The culprit, it appears, is not lack of technology. Forecasters nailed the track and landfall intensity of Hurricane Katrina nearly three days in advance, and of Hurricane Sandy a full five days in advance. Moreover, the high long-term threat to both New Orleans and New York City had been analyzed and discussed for years. Even in the case of the fast-moving and freakishly intense Haiyan, forecasters had it pinned as making a landfall at Category 5 intensity northern Leyte more than 48 hours out. And although the failures of both media and governmental officials to accurately convey the danger to citizens have been scrutinized in recent years, especially following Katrina and Sandy, this does not seem to be the main culprit either, either in those disasters or in Haiyan. Rather, the main problem is more straightforward: people in harms’ way simply didn’t evacuate.
When we put it like this, we are apt to sound callous and judgmental: the victims were too stupid or too rashly self-reliant to heed warnings; they were asking for trouble. Of course, this is to underestimate how prone we all are to distrust experts when it comes to forecasts of impending doom (climate change, anyone?) and to rely instead on an optimistic extrapolation of personal experience—”I weathered the last storm all right, so I’ll manage this one.” This independence of mind is simply human nature (and a valuable part of human nature at that), and there will always be a few too stubborn to listen to warnings. But in Haiyan, as in Katrina, to peg the death toll on this stubbornness would indeed be callous.
It is all very well for we rich white people, with our cars and our spare cash and inland relatives to stay with, our homes protected with safes and security systems, to wonder why these people don’t get out of harm’s way. But for the average Filipino villager, not unlike the impoverished masses of New Orleans’s Lower Ninth Ward, evacuation is hardly such a simple proposition. Burdened by elderly relatives and young children to care for, travel is difficult for those with good means of transportation, and all but impossible for those without. Besides, how to pay for days or weeks in safe lodgings, away from their only livelihood? And then how to survive after the storm if they return to homes looted in their absence, stripped of all their worldly possessions? Faced with the uncertainties, perils, and crushing expense of evacuation, it is no wonder that many in the most vulnerable areas decide to take their chances facing the storm instead; especially as, with less access to education, they have few reference points to come to grips with the dire warnings of official bulletins. These are problems that no mere improvements in scientific knowledge or technological innovation can fix.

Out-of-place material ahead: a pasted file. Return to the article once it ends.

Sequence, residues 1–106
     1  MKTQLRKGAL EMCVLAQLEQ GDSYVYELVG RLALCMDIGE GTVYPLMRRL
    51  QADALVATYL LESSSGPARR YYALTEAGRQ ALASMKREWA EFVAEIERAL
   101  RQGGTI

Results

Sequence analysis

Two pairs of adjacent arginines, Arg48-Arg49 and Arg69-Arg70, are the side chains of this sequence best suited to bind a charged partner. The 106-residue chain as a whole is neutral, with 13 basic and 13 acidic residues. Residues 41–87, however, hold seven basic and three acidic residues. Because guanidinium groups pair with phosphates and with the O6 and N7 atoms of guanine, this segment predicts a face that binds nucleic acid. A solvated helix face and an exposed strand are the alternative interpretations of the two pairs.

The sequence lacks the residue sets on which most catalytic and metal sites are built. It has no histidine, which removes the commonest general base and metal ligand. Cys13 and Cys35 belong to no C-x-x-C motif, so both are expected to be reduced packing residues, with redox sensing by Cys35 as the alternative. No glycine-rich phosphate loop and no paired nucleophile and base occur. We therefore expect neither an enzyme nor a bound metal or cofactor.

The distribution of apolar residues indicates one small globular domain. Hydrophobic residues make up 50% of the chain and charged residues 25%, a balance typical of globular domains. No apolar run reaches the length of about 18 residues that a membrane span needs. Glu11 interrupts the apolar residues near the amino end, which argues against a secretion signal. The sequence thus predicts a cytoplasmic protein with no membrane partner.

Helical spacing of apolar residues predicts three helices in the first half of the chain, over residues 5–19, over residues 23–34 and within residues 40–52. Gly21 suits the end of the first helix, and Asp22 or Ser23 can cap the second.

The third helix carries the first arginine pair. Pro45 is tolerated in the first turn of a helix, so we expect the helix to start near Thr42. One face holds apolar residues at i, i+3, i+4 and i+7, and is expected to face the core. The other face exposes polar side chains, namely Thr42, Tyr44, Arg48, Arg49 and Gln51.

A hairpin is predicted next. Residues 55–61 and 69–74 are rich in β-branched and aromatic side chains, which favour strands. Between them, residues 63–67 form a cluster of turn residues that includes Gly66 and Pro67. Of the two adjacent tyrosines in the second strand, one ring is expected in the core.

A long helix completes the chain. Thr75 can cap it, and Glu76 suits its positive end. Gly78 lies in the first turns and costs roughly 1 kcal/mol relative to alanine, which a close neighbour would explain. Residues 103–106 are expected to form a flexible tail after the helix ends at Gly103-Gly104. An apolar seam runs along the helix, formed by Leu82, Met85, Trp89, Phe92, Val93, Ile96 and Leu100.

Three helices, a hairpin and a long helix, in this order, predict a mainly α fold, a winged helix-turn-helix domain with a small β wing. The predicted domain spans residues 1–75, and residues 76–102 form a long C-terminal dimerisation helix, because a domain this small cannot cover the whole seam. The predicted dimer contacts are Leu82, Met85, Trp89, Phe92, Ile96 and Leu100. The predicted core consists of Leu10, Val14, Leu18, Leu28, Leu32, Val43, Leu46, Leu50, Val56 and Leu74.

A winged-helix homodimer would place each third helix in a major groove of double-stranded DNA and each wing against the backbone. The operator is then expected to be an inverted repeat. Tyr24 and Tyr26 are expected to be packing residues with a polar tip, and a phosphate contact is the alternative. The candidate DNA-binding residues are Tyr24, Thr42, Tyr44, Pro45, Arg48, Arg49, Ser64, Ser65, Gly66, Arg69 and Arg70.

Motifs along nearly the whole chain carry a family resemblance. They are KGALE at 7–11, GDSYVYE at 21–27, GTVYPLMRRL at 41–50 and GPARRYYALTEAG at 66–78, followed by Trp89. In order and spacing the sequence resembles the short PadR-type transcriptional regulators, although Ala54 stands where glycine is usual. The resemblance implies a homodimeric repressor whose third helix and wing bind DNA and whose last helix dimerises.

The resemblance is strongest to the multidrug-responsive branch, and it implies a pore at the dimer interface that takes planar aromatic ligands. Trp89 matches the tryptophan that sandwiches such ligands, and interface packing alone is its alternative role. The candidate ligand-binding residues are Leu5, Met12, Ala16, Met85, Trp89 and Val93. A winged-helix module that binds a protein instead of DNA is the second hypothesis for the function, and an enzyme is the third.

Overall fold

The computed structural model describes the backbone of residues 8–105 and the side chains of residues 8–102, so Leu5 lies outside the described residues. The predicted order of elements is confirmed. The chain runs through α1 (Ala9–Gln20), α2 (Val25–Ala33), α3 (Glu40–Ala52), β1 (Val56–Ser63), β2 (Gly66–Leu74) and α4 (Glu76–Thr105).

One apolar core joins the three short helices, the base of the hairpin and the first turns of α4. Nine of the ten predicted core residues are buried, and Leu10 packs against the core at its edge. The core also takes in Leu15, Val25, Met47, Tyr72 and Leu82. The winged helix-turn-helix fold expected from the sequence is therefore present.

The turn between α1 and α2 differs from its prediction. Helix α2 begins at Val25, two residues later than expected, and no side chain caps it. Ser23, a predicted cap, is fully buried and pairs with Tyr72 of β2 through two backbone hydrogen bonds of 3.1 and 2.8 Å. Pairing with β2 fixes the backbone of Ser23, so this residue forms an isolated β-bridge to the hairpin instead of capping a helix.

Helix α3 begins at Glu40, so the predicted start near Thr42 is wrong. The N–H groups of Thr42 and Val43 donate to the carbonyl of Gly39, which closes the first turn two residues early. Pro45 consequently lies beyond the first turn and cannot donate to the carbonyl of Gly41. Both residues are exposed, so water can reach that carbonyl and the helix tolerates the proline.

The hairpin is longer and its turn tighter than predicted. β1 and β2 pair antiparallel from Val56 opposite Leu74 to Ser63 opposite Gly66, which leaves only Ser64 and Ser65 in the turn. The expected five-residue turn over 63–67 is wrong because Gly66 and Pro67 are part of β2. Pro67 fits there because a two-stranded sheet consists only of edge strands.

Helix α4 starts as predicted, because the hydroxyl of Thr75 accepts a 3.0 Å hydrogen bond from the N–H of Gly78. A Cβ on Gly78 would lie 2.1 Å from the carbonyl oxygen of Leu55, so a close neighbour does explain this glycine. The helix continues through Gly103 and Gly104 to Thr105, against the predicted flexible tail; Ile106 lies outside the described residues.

In other words, disasters such as Typhoon Haiyan confront us with the sobering reality that the deepest, deadliest and most intransigent problems we face today are social problems, not technical problems. We continue to deceive ourselves with the hope that if we can but increase our knowledge of the world, our technical know-how at problem-solving the riddles that nature poses for us, we can defeat death and disease. We have made enormous strides, to be sure, but have reached a point of diminishing returns. All the advances in nutritional knowledge and agricultural production are no good as long as poverty prevents access to a supply of healthy food. All the advances in neuroscience do little to solve the epidemic of alcoholism and drug abuse, so long as despair, isolation, and poverty drives people into addiction. The solution to poverty does not lie just around the next bend of scientific discovery; there is no research paper about to be written that will show us the trick to just distribution of resources. While our societies concentrate more and more of their efforts on technical advances, the underlying evils continue to fester and their solutions continue to elude us.
Our scientists and meteorologists, our inventors and innovators, have done their best over the past century, and we must applaud and thank them for their accomplishments. But we must stop expecting them to prevent great human tragedies like we have observed this last week. The task now lies with us, the sociologists, the ethicists, the theologians and political theorists, to undertake the much harder and longer labor of resolving the social problems that leave much of the world so vulnerable to the forces of nature. And the task lies with all of us, as humans, to cultivate the self-sacrifice, empathy, and love that alone can ultimately succeed in breaking the bonds of oppression and lifting the poor out of their suffering.